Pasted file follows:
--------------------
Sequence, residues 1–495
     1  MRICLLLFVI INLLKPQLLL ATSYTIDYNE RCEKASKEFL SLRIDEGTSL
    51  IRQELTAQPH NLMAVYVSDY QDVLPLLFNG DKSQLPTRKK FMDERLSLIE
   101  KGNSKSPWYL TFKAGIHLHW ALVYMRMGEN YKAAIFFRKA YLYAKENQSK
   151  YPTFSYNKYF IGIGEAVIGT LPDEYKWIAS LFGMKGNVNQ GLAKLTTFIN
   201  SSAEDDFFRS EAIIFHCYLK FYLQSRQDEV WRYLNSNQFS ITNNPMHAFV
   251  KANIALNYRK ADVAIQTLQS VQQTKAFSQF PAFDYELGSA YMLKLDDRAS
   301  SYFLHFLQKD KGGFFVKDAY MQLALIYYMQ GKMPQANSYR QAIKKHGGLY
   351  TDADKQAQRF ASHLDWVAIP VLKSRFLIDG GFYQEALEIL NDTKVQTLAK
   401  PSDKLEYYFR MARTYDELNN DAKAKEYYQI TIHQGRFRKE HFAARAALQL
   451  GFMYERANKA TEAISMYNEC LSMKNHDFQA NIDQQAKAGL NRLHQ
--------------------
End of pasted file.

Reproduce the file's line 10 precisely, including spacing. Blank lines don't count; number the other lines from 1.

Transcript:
   401  PSDKLEYYFR MARTYDELNN DAKAKEYYQI TIHQGRFRKE HFAARAALQL